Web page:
Thousands of civilians have fled the besieged Syrian rebel enclave of Eastern Ghouta, in what is believed to be the largest exodus in one day in the country’s seven-year war, as deadly air strikes continue.
Faced with the prospect of more deadly government bombardments, thousands of civilians abandoned the town of Hamouriyah, which has been at the centre of fighting between rebels and military forces.
The Syrian Observatory for Human Rights (SOHR) reported that 46 civilians, including at least six children, were killed in air strikes in the Kafr Batna district on Friday morning.
As the attacks continue, an estimated 2,000 people more people left the rebel-held area on Friday morning, according to the Russian defence ministry.
Earlier on Friday, it was reported that between 12,000 and 13,000 people have fled the area east of Damascus overnight and into Friday morning.
Grabbing what they could carry and loading it into their vehicles, desperate civilians streamed out of their homes, fleeing to areas controlled by the government.
Images posted online showed elderly women in wheelchairs and children carried by their parents as they walked amid the ruins.
Once controlled by rebels, Hamouriyah is now being surrounded by government forces.
“There is no water, no medicine that could provided to our children, not even food,” an evacuee said.
SOHR said as many as 20,000 people have abandoned their homes, with many still waiting to be transported to safe zones.
Al Jazeera’s Alan Fisher, reporting from Gaziantep in Turkey, said the exodus was expected after the Syrian forces cut off supplies.
After nearly four weeks of relentless bombardment, which has left more than 1,250 civilians including children dead, government forces are inching closer to capturing the rest of the enclave, forcing civilians to flee. Regime forces have already split the enclave, under siege since 2013, into three sections.
Rebels, however, claimed that they have retaken Hamouriyah, one of the districts in Eastern Ghouta.
Meanwhile, some 25 trucks of food aid were allowed into Eastern Ghouta’s Douma district, according to the International Committee of the Red Cross (ICRC).
It is unclear how long the food supply would last in an area believed to be populated with as many as 125,000.
The aid does not include medical supplies.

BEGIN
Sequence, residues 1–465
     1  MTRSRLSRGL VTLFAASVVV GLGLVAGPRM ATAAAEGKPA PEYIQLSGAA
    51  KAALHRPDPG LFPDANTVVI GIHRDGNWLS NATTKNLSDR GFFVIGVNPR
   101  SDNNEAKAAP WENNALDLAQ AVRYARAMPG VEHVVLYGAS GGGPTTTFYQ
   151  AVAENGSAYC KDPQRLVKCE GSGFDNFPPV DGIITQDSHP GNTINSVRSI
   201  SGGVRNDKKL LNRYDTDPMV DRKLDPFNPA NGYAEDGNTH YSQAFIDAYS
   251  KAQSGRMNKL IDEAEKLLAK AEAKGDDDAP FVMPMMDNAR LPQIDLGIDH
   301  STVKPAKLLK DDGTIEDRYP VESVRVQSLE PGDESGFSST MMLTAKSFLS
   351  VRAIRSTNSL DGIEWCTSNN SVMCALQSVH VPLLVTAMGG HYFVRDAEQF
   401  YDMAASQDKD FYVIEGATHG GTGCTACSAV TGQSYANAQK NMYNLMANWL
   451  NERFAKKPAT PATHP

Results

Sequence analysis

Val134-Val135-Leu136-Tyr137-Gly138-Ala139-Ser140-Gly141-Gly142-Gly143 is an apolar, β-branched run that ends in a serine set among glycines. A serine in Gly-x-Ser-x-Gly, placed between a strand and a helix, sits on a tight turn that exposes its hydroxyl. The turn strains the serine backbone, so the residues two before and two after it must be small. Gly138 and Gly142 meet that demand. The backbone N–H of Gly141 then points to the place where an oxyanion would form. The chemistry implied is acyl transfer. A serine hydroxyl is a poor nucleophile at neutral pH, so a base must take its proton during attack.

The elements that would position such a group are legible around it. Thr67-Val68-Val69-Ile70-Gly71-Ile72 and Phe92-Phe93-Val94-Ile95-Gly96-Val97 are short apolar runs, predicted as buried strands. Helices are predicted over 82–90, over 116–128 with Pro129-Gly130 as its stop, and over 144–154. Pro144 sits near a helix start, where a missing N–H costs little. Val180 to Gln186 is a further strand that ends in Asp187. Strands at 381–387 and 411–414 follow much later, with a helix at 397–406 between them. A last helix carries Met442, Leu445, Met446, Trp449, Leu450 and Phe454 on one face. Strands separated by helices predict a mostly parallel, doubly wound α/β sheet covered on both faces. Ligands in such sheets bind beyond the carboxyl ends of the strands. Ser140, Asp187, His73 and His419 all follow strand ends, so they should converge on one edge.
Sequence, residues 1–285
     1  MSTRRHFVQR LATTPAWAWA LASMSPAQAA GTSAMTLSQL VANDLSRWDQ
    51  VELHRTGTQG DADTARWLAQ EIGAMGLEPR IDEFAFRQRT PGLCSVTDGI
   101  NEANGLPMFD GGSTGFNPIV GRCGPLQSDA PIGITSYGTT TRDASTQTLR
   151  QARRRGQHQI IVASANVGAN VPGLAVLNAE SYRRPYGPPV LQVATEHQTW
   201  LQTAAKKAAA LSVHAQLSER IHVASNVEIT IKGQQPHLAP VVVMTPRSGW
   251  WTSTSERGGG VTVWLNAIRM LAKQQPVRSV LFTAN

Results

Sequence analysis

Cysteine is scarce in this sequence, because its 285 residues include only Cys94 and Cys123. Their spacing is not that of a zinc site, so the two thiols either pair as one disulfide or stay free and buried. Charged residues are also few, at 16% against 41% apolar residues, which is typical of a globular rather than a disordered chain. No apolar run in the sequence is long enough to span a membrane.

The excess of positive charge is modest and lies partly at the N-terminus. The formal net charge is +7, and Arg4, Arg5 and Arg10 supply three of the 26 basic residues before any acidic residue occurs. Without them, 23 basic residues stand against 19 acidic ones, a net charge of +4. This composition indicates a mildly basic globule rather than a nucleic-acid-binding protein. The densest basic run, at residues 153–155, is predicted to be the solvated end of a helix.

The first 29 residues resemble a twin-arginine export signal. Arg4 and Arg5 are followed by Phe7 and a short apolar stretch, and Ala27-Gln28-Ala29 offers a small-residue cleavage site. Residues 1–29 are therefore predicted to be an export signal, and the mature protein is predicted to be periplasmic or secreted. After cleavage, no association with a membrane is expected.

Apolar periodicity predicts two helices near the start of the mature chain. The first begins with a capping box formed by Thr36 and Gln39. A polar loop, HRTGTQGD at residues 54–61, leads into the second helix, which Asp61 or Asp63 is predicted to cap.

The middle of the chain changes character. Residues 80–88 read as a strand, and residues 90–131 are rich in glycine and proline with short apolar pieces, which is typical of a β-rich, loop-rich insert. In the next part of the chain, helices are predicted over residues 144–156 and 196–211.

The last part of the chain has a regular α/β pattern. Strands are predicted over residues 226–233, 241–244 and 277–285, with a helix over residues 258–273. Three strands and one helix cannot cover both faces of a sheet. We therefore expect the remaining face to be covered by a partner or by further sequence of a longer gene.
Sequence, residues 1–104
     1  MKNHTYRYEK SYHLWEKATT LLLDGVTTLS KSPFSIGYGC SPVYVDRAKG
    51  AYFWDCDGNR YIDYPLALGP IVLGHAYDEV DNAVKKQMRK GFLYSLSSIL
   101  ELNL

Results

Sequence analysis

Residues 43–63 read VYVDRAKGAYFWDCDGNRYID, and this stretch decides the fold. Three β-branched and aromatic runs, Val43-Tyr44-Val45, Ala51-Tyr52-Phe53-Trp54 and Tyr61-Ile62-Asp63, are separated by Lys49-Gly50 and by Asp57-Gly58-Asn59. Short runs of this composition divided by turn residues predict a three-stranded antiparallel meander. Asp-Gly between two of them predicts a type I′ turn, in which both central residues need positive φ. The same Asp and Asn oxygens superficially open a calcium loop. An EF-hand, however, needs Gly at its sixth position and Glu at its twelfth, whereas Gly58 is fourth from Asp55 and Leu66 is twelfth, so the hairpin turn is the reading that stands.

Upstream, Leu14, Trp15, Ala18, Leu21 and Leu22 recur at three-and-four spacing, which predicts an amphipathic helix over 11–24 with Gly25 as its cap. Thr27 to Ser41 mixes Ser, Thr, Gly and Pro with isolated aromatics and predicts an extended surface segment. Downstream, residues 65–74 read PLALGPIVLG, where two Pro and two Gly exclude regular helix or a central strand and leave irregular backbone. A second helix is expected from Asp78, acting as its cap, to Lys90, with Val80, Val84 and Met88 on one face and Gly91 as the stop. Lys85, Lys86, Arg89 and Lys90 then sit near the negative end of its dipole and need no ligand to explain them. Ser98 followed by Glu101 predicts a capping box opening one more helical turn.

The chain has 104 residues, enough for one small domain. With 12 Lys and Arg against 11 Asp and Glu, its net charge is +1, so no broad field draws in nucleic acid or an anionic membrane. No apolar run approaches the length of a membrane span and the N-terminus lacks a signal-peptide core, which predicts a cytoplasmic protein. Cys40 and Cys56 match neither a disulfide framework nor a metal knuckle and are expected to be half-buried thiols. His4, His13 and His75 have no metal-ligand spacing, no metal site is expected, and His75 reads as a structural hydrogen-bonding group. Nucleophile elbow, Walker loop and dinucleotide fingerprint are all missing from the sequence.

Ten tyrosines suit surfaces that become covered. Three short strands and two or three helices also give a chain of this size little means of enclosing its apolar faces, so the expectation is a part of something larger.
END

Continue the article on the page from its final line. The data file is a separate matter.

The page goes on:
The entire Eastern Ghouta is home to 400,000 people, and it has been under a government siege since mid-2013.
The area is one of the last major remaining strongholds under the armed opposition, who are aiming to topple the government of President Bashar al-Assad.
The enclave is the current major battleground in Syria’s war, which entered its eighth year on Thursday.
According to UNHCR figures, there have been nearly 500,000 people killed and over 11 million displaced in the war.
Meanwhile, dozens of Syrian civilians, including children, have been killed, as Turkish troops and its allied armed groups bombarded the city of Afrin in Syria’s Kurdish region.
The Syrian Observatory, a monitoring group based in the UK, said on Friday that the continued push by Turkish forces into Afrin have forced as many as 30,000 civilians to flee since Wednesday.
On Friday alone, 2,500 people have been displaced because of the fighting.
Meanwhile, foreign ministers of Russia, Iran and Turkey met in Kazakhstan’s capital, Astana, on Friday to continue negotiations on how to end the civil war in the Middle East country.
The agenda at the meeting also included how to maintain security in the established de-escalation zones as well as political and humanitarian issues.
The next round of talks is expected in the middle of May.
Al Jazeera’s Zeina Khodr, reporting from Astana, said that there have also been reports of the Russian government negotiating with rebel forces on the situation in Eastern Ghouta.
Our correspondent, however, said that when it comes to the question of transition and the political future of Syria, the parties in the negotiation remain unsettled.